Questions We Could Be Asking: Who Wants Us to Fight Back?

There’s a lot of discussion of the Bill Cosby case going around Twitter tonight. One question that’s been coming up, and which other smartass feminist chicks are handling better than I have is, basically: “Yeah, but what’s wrong with advocating for self-defense?”

One answer is that there will always be many victims who literally cannot defend themselves effectively. Elderly people, children, physically disabled people, and so on. Drugged/drunk victims probably will not defend themselves very well. Then there’s the phenomenon of tonic immobility, in which the victim basically freezes up and cannot move while she’s being violated. It’s a well-documented physiological response to violence. Happens all the time. Self-defense is sometimes impossible even for the most physically formidable people. But most people targeted for rape are not the most physically formidable, and when they try to defend themselves, their attackers retaliate and they get injured much more severely than if they’d submitted quietly to the attack.

In addition to all that, I would like to introduce another question: let’s say most women, and men in groups prone to rape victimization, did learn to defend themselves effectively against attempting rapists. Let’s say they put their skills into practice, and the ones who don’t get tonic immobility manage to fight their attackers off.

I’ll admit, it’s a tempting scenario. Maybe, just maybe, if more women managed to inflict painful injuries on their assailants, those rapists would think very hard about raping again.

They’d probably just choose less physically formidable people as their victims, but the problem goes beyond that.

You do know that most rapes are not a matter of some hooded monster jumping out of the bushes at a woman he’s never seen before and never expects to see again, yes? Such things do happen, but most rapes are between people who know each other and have mutual friends, family or colleagues.

But the biggest issue here is that when a woman (or anyone) tells people she’s been raped by a particular assailant, lots of people will look for any reason not to believe her. Accusing someone of rape where their friends can hear you is the quickest way to be called a liar.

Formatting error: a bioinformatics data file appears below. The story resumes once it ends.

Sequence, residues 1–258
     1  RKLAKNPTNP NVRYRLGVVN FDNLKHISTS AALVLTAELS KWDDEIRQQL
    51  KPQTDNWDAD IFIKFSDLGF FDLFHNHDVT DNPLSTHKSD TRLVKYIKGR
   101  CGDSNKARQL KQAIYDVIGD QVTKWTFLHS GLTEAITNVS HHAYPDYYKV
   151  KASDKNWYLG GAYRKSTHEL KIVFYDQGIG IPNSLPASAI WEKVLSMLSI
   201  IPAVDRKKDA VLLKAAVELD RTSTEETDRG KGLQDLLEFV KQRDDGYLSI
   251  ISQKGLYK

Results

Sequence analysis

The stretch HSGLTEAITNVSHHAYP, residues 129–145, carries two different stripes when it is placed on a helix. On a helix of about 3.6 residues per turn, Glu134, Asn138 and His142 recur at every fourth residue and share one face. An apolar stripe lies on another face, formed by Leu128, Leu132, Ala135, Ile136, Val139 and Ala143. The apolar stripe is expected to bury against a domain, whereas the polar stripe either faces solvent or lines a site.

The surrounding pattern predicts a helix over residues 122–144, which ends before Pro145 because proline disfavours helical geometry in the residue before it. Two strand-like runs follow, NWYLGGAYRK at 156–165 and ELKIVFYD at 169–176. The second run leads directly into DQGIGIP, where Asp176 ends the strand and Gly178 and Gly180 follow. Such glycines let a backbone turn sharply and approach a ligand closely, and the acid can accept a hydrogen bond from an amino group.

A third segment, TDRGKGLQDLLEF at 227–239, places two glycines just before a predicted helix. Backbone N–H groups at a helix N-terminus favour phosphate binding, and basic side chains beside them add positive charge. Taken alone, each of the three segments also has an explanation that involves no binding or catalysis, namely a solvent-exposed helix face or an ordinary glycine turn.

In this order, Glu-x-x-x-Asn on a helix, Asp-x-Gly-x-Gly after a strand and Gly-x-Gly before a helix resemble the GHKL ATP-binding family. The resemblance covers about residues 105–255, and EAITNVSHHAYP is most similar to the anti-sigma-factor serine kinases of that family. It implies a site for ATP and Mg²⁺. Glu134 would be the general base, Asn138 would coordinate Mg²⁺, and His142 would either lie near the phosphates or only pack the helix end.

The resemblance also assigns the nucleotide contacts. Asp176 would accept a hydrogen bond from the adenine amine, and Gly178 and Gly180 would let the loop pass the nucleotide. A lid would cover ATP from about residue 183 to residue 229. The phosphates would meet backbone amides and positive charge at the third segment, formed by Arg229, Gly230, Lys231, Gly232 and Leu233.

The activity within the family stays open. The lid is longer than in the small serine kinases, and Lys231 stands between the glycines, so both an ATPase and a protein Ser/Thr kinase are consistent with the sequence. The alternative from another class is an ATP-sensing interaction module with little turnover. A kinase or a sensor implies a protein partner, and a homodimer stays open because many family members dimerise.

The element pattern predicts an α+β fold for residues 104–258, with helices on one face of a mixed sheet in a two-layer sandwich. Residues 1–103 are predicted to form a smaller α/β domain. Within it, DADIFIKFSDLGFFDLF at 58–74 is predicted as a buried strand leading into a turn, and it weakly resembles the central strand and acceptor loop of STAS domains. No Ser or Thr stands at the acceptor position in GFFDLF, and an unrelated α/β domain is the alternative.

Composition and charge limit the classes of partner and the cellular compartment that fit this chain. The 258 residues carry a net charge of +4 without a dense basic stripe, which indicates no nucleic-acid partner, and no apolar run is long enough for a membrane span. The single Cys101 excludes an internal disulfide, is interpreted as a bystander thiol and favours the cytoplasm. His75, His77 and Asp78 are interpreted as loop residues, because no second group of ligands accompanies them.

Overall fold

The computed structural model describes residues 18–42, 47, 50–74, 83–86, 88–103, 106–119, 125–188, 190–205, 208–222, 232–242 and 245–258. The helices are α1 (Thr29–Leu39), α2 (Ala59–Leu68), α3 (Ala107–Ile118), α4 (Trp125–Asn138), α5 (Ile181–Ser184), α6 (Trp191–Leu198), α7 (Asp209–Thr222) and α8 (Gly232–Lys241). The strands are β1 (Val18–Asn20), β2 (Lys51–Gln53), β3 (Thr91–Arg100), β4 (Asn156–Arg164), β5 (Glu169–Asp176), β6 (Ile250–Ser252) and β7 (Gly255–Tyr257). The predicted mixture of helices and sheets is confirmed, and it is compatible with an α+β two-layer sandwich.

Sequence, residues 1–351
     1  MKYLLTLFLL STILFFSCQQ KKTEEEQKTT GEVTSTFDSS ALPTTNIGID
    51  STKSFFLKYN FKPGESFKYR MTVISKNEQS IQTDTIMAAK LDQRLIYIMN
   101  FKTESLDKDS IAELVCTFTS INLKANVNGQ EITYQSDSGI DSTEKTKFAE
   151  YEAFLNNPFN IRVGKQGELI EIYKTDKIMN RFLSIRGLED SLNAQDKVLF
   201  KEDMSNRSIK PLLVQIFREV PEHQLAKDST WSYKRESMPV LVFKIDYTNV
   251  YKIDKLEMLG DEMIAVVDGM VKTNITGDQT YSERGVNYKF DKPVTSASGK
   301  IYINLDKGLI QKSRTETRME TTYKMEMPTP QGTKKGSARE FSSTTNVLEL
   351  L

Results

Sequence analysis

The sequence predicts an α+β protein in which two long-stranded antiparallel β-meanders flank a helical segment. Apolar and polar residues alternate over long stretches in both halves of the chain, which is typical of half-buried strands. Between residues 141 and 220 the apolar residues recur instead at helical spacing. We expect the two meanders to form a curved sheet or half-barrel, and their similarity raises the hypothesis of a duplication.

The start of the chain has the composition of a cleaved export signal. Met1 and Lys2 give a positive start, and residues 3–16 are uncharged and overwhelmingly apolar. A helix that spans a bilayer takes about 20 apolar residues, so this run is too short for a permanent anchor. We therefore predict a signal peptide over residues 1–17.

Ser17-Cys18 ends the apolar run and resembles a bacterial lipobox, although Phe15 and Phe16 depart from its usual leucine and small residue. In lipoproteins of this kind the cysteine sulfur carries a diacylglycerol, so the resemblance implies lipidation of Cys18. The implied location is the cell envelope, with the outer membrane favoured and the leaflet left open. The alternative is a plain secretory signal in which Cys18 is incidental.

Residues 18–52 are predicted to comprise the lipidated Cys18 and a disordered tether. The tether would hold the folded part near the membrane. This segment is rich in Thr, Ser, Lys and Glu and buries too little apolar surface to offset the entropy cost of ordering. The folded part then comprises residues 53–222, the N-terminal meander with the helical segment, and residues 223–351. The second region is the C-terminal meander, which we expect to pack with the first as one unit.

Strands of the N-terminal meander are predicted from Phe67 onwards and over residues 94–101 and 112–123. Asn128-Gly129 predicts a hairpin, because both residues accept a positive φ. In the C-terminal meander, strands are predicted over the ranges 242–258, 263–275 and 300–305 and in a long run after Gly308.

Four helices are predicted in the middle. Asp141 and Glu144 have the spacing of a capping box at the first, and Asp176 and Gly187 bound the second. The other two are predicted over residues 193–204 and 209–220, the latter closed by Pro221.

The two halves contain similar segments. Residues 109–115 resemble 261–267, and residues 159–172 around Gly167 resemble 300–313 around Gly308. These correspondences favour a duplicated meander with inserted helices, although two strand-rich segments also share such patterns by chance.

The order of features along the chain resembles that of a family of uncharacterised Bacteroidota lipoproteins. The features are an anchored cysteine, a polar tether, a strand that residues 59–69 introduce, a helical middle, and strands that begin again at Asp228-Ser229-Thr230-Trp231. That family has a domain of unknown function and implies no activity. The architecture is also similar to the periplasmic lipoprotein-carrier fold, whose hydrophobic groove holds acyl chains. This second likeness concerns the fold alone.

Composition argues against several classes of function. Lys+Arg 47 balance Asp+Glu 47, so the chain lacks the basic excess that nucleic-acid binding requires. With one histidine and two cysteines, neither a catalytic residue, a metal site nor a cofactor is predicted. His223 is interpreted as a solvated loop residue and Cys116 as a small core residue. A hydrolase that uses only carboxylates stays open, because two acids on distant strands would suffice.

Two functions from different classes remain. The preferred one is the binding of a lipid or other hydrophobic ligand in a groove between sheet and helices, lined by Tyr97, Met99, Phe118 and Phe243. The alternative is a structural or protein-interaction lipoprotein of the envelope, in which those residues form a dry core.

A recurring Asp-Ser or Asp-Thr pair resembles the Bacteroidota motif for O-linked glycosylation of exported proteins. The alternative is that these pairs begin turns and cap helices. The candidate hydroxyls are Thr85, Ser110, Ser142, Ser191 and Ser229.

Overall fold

The very question of, “But if you didn’t want it, then why didn’t you fight back?” is a good reason why telling women to defend themselves is not the way to combat rape. Those who are unwilling to believe the victim are much of the reason why she didn’t put up a better fight against her attacker.

So let’s picture a scenario of successful self-defense. We have a man* who is at least moderately well-regarded by his community, he chooses a woman he wants to violate, he gets her alone, and let’s say he allows her to stay mostly sober while he assaults her. She fights back, well enough to make him let her go. Then what happens? Then we have this man with visible physical injuries inflicted by a woman who has not experienced a completed rape. His injuries may even be more serious and/or more obvious than hers. So then while she tells everyone she had to beat him up because he was trying to rape her, he tells the same people this fucking psycho bitch went apeshit on him for no apparent reason while he was just trying to be friendly with her.

How does she prove, at that point, that he was trying to rape her? It’s difficult enough to be believed when there’s a completed rape with physical evidence. How does she prove that she was acting in warranted self-defense? How does she convince everyone she had good reason to inflict those injuries?

The same people who are now demanding to know why women don’t do more to protect themselves would instead be insisting that women cannot go beating up every guy who puts his hand on their knee, and how could she be so sure he was trying to rape her, and why do you have to be so suspicious of any guy who seems interested, and why would a man like that even bother with someone like you?

This is especially salient when the rapist is a beloved, famous person like Bill Cosby. Who’s willing to be the one who puts bruises on him?

Then we have differences in how some women are perceived differently from others. I occupy a higher privilege profile than most women, and I’m not sure that people would take my word for it if I pummeled a guy who couldn’t take no for an answer. Maybe if my assailant came from a much lower privilege profile, but most rapists don’t choose their victims that way. If a mostly respectable-looking, well-spoken, cisgender white lady can expect to be called a liar, what happens to someone with more marginalized identities? What happens to an undocumented sex worker who puts up a fight against a well-off family man who forces himself on her? The chances that she won’t be treated like a vicious criminal are basically nonexistent.

They don’t really want us to defend ourselves. Not that well, and not often. Maybe against stranger rapists, but not against most of the people who actually commit rape. They don’t want us to fight back. It’s just another way to move goalposts around what we should have done.

 

One thought on “Questions We Could Be Asking: Who Wants Us to Fight Back?

  1. It’s all a blame game and a shame game to discredit the victim. Thanks for writing about these hard things. I really appreciate your posts.

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